Santa Clarita’s Waste Management bins are being swept away and gradually replaced with bins from the city’s new residential hauler, Burrtec Waste Industries Inc.
This change also comes with a multitude of new policies, protocols and changes that residents have to take on and adapt into their trash disposal routine as a result of California’s Senate Bill 1383. In short, the new state law, which took effect July 1, requires significant changes to the way the community’s waste is collected for disposal and recycling.
SB 1383 discusses short-lived climate pollutants, methane emissions, dairy, livestock, organic waste and landfills. The bill is requiring the California Department of Resources Recycling and Recovery to approve and implement a comprehensive strategy to reduce emissions of short-lived climate pollutants to achieve a reduction in methane by 40%, hydrofluorocarbon gases by 40% and anthropogenic black carbon by 50% by 2023.
The bill, which was signed into law by former Gov. Jerry Brown in 2016, also established specific targets for reducing organic waste in landfills.
Burrtec began switching out 165,000 bins on July 1, a process that is expected to take eight weeks. A food waste pail will also be delivered to each customer.
An interactive map where residents can type in their address and see what day their trash bin exchange will take place is available at tinyurl.com/58hucvxd.
New bins and sorting
The introduction of the Burrtec bins introduce a new sorting and color system for waste disposal.
Trash containers will be black, recycling containers will be blue, and green waste, now called organics, is green.
To view a list of items allowed and not allowed in each cart, visit tinyurl.com/apbxy8mj.
This new sorting system will also require residents to remove food waste from its original packaging to then dump into the organics container. Residents will be asked to place their food waste into plastic bags, tie them shut and place them in the green barrel.
The food waste pail will work in tandem to comply with SB 1383, which requires all residents to participate in food waste recycling. Food waste includes fruits, vegetables, cooked meats, seafood, bread, dairy, eggshells, coffee grounds, plate scrapings, etc.
Burrtec will also distribute up to 500 home compost bins per calendar year to residents who want them. To request a home compost bin, call 661-222-2249.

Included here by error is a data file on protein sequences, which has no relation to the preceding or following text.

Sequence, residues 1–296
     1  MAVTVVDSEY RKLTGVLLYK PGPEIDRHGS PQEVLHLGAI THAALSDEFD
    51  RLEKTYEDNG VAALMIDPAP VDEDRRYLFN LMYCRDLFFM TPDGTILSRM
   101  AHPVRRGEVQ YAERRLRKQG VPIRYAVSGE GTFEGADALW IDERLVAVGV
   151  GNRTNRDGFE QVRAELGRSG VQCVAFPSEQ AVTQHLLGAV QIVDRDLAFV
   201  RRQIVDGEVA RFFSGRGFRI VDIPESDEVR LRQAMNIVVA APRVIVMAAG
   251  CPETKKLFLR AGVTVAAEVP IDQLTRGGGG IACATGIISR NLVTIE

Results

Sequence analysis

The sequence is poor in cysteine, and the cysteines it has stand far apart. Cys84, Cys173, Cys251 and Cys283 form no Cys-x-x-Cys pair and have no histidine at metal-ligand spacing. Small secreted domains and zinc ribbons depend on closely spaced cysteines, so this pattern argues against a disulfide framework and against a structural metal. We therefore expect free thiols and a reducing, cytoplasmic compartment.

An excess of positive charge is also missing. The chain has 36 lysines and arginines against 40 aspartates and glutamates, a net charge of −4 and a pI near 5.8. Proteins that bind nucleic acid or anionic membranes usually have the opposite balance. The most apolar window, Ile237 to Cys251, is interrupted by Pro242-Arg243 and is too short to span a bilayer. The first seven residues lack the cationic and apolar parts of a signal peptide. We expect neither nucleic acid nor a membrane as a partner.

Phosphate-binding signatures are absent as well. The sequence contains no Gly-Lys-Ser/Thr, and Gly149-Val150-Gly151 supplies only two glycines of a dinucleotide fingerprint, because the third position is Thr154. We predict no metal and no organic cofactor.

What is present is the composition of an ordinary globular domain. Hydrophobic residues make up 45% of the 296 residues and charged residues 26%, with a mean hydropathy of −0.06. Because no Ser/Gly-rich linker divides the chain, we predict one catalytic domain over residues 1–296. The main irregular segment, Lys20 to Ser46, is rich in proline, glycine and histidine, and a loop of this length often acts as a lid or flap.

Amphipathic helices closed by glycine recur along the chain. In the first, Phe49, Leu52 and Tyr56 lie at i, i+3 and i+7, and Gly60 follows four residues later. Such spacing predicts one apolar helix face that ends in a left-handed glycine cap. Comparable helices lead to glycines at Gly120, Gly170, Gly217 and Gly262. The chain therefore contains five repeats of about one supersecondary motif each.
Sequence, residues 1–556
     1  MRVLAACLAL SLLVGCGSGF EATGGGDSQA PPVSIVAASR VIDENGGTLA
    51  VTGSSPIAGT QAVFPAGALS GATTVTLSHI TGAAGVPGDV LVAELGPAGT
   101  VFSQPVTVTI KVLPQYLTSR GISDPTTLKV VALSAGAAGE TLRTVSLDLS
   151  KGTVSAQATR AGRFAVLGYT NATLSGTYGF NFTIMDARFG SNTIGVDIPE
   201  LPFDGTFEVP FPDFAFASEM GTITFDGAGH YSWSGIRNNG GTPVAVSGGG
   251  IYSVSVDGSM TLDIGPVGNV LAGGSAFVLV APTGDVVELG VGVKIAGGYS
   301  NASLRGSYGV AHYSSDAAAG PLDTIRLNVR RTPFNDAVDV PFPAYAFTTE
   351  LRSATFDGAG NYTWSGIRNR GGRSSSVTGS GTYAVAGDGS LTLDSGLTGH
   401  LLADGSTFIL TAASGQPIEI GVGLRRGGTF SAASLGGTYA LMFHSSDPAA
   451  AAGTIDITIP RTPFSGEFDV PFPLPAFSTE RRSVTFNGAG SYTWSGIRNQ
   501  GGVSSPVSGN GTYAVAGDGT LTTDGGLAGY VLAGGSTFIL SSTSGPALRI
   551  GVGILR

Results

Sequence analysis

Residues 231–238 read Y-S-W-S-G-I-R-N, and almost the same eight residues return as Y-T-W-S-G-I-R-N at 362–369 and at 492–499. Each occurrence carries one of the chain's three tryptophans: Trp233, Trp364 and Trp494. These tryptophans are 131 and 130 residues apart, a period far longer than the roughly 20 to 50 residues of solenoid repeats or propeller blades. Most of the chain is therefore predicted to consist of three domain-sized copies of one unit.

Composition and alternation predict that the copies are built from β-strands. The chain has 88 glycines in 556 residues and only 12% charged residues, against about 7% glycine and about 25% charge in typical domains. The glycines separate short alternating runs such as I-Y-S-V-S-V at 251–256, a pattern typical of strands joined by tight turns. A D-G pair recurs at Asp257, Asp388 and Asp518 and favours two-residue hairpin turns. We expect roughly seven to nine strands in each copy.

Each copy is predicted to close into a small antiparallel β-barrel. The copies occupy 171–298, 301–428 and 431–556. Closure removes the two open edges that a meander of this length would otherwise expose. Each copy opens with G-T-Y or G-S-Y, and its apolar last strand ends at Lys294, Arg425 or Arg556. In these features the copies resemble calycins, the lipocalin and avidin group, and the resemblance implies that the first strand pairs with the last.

Other items in need for disposal
Santa Clarita residents will receive up to four bulky item pick-ups per year, with three large items, or ten 32-galllon bags per pick-up.
Items can include furniture, appliances and mattresses wrapped in plastic.
Contact Burrtec customer service at 661-222-2249 at least 48 hours in advance of your regular service day to schedule the bulky item pick-up.
Burrtec requests that sharp items such as needles, syringes and lancets be removed from waste bins. They will provide one postage-paid mail-back sharps container per year for residents and two for seniors.
To request a mail-back sharps container, call 661-222-2249.
Household hazardous waste is also requested not to be placed in the bins. Some of these items include paint, pool chemicals, household cleaners, automotive fluids, lawn and garden products, e-waste, batteries, fats, oils, grease, pesticides and herbicides.
For disposal information on household hazardous waste, visit GreenSantaClarita.com.
The monthly rate for residential services is set to go up from the current rate of $26.31 to Burrtec’s new rate of $28.92.
Seniors and those with low income can contact Burrtec at 661-222-2249 to see if they are eligible for a discount. Some qualifications include being 60 years of age or older, head of household, must reside at the residence, account must be in applicant’s name and a person of low income enrolled in a discounted utility program.
Residents can also sign up for automated bill pay by calling 888-298-5161, entering the last six digits of the account number and billing ZIP code and your credit card or check information.
Protocol for non-compliance
Dennis Verner, the local general manager for Burrtec Waste Industries, said at a presentation to the Valley Industry Association in April that the new law also contains enforcement provisions, and the hauler is obligated to follow them.
“We really don’t want to be out giving fines … but it is a provision of SB 1383 and it is in our contract, and the trucks that we have ordered to handle this contract have cameras in them, and there’ll be GPS to each house. If your trash can is blocked by a car, or it’s not out, or when we go to dump and there is stuff falling out, like sometimes people put paint cans in there and then the paint cans break open and then it leaks out of the truck and gets over the street, those types of things. It also, it videotapes, everything that’s being dumped into the trucks and we’ll be able to see what’s going in there.”
“Now people are like, ‘Oh, well, I’ll just put it in plastic bags.’ OK, that’s fine. But what will happen is, when we take it to the processor or the landfill, wherever it is, we’ll spot check certain loads, we know where that truck came from and then individuals will go down the street either in a truck or something with some tool that they’ll flip, they call this flippers, and open the lid and cut the bags to see who’s not complying.”
“Then there’s a whole notice thing, we want to give notices,” Verner said. “We want to encourage compliance. We don’t want to just say, ‘Here’s a fine.’ We just say, ‘Oh look, we found all this food waste in your trash, is it possible that you could put it in the next trash can instead of this trash can?’ That’s what we’re going to try to do as opposed to you know, just going down and red tagging trash cans. That’s pretty much how it’ll work.”